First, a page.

Fateful Questions, September 1943-April 1944, nineteenth of a projected twenty-three document volumes in the official biography, Winston S. Churchill, is reviewed by historian Andrew Roberts in Commentary.
These volumes comprise “every important document of any kind that concerns Churchill.” The present volume sets the size record. Fateful Questions is 2,752 pages long, representing an average of more than eleven pages per day. Yet at $60, it is a tremendous bargain. Order your copy from the Hillsdale College Bookstore.
Having written about cars and Winston Churchill for fifty years, I finally produced a piece on them both. From exotica like Daimler, Napier and Rolls-Royce to more prosaic makes like Austin, Humber and Wolseley, the story was three decades in coming. I am satisfied that it is now complete.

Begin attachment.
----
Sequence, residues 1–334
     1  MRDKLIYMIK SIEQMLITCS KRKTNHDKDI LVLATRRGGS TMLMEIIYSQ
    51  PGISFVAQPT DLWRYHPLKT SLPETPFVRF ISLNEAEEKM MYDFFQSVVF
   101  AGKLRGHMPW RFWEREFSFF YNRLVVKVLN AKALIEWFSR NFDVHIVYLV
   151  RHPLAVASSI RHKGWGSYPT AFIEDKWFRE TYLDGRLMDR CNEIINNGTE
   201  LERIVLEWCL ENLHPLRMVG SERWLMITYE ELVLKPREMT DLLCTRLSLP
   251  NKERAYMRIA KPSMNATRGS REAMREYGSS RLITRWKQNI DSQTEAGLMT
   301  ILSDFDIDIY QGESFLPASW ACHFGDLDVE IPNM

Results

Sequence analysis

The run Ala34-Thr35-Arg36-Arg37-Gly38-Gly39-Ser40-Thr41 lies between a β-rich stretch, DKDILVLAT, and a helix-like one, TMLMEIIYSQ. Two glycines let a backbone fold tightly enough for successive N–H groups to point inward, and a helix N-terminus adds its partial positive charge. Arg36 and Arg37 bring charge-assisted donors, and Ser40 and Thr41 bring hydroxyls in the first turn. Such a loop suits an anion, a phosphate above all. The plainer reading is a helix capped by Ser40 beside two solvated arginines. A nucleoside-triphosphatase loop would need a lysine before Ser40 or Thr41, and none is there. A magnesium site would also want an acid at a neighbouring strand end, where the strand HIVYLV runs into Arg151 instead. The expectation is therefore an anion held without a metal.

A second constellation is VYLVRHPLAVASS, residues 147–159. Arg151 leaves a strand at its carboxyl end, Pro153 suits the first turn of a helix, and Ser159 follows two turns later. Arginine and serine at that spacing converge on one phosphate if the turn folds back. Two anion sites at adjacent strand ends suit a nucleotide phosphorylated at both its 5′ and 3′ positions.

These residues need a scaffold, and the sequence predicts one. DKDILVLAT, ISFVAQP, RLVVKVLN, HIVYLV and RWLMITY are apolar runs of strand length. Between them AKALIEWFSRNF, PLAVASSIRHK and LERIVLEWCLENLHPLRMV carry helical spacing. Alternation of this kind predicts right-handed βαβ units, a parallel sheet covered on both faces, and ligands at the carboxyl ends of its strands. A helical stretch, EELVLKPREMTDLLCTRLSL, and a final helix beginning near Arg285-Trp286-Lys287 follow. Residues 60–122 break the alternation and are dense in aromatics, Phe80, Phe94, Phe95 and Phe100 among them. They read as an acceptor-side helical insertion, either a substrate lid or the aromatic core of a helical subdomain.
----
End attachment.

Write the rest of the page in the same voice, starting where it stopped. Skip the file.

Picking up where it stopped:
Part 2, continued from Part 1: Excerpt only. For footnotes, all illustrations and a roster of Churchill’s cars, see The Automobile, August 2016.
Wolseley to Austin
In the early 1930s Churchill switched from Wolseley to Austin cars: small fours and big sixes. One of the former, a 1938 Austin 10 Cambridge, was the Chartwell workhorse.…
British Foreign Minister Boris Johnson, whose book, The Churchill Factor, is feted widely, is a likable gent who speaks his mind with a smile. He’s a chap you’d like to share a pint with at the local.
But fame and likability don’t a Churchill scholar make. And in that department, Boris Johnson needs some help.
His remarks are quoted from a November 14th speech at the Yale Club in New York City.
1) Lend-Lease, Roosevelt’s World War II “loan” of $50 billion worth of war materiel to the Allies, “screwed” the British.